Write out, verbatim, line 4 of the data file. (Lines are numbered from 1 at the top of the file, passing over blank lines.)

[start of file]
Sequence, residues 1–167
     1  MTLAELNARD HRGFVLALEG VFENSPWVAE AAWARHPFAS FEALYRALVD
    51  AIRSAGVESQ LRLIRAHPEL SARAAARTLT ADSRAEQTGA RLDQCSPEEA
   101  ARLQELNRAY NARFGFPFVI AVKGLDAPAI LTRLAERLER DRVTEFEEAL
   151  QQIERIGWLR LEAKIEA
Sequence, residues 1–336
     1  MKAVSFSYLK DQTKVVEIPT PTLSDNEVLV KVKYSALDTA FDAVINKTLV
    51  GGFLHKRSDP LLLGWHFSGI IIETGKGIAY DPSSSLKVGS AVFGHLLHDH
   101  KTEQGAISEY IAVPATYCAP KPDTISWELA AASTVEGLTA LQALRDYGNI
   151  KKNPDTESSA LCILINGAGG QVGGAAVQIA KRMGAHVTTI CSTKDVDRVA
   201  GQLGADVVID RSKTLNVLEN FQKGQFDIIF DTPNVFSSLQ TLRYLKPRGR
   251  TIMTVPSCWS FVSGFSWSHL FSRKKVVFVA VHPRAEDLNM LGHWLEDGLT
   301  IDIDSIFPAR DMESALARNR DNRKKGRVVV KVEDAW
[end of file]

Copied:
   101  ARLQELNRAY NARFGFPFVI AVKGLDAPAI LTRLAERLER DRVTEFEEAL